- The Washington Times - Thursday, November 1, 2007

The Small Business Administration is ordering managers to obtain legal permission before accessing employees’ e-mail accounts after officials intercepted messages from a disaster-assistance worker secretly cooperating with congressional investigators and federal auditors.

The interception of a confidential source’s e-mails “raises troubling questions” about whether employees can feel assured that their privacy will be protected if they come forward with information to the agency’s inspector general (OIG), according to a government report.

“Management’s ability to intercept confidential employee-OIG e-mails raises troubling questions about whether agency employees can confidently and securely bring confidential complaints to the OIG’s attention,” according to an SBA inspector general’s report issued Oct. 19.

Federal law dictates that the identity of a federal employee who forward complaints to an agency inspector general remain confidential.

David Colapinto, general counsel for the National Whistleblower Center, called the situation “very, very unusual.” He said the law gives federal employees the right to take their concerns to Congress.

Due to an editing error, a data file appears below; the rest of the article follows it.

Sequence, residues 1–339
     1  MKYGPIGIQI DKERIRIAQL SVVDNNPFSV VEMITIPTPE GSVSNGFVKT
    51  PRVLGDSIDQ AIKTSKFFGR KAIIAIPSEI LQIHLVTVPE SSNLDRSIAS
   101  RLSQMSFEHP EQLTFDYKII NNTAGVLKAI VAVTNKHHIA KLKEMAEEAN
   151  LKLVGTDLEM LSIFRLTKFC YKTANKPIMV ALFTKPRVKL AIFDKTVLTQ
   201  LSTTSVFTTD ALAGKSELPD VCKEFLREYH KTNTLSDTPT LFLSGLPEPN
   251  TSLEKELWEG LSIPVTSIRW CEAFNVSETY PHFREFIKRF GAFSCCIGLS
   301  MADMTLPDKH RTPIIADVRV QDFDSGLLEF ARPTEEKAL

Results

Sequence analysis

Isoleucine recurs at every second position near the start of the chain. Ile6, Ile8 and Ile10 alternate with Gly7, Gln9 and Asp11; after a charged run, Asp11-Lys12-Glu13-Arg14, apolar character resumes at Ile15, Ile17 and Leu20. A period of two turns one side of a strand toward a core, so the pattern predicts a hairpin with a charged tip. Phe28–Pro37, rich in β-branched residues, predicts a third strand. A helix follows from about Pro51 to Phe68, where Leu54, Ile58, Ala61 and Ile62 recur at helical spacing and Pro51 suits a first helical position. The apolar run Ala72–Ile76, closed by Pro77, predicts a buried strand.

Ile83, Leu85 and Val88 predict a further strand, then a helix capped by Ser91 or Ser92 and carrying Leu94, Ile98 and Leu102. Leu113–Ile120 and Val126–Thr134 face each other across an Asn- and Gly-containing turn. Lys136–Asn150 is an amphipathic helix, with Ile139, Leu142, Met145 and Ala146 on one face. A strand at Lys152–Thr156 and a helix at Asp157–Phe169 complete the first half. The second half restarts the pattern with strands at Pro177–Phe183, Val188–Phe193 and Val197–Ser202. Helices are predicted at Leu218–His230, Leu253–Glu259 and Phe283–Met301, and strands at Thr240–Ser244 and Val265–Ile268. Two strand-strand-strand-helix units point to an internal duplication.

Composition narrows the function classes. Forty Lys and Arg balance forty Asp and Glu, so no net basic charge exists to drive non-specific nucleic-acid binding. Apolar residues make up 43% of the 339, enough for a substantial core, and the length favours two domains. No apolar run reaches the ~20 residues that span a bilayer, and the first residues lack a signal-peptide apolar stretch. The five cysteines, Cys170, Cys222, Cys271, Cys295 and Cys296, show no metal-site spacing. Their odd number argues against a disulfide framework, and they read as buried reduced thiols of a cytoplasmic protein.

The report doesn’t identify the employee but said the person, who worked in the SBA’s Office of Disaster Assistance, provided information to the inspector general and gave a confidential statement to a congressional committee.

The report doesn’t name the congressional committee, but the SBA’s disaster-assistance program was the focus of a hearing in February by the House Small Business Committee, chaired by Rep. Nydia M. Velazquez, New York Democrat.

According to the report, SBA rules allow for a review of e-mails that “are subject to examination in connection with authorized official agency reviews.” But the inspector general’s office found that in this case, there was no decision on whether any such review had ever been authorized. The agency officials who would be consulted on such a request said they did not know anything about the matter, according to the inspector general.

“Although review of employee e-mails may be justified in order to determine whether an employee has violated legal or administrative requirements … the absence of controls creates an environment where employee e-mails may be subject to unauthorized access or reviewed for illegitimate purposes,” the audit concluded.

The SBA’s chief information officer, Christine Liu, told officials from the inspector general’s office that she and her staff were not aware that managers intercepted the employee’s e-mail, according to the report.

SBA officials did not respond yesterday, but Miss Liu has issued a two-page response to the inspector general’s report in which she promised new management practices.

The SBA now is requiring that the administration’s chief information officer and general counsel approve all e-mail retrieval requests, she said.

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